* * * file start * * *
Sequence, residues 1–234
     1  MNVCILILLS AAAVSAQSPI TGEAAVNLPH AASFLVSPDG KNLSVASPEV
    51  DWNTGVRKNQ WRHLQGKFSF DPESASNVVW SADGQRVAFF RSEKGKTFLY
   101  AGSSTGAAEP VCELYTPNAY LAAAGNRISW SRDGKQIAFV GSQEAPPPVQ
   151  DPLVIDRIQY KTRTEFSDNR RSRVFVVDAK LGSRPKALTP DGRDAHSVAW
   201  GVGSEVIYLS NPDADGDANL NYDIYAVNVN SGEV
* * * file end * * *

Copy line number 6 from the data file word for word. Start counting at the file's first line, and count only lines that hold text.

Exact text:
   201  GVGSEVIYLS NPDADGDANL NYDIYAVNVN SGEV